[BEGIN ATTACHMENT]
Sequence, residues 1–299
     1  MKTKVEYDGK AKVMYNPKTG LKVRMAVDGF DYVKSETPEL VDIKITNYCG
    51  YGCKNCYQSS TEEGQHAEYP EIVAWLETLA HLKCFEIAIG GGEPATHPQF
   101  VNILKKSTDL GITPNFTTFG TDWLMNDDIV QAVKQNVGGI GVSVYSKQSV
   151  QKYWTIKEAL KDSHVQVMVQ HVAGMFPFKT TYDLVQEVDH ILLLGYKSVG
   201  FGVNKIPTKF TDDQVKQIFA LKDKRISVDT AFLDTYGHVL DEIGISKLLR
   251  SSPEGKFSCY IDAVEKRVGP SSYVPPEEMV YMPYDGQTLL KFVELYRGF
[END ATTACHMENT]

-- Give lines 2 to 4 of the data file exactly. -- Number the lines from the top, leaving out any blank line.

     1  MKTKVEYDGK AKVMYNPKTG LKVRMAVDGF DYVKSETPEL VDIKITNYCG
    51  YGCKNCYQSS TEEGQHAEYP EIVAWLETLA HLKCFEIAIG GGEPATHPQF
   101  VNILKKSTDL GITPNFTTFG TDWLMNDDIV QAVKQNVGGI GVSVYSKQSV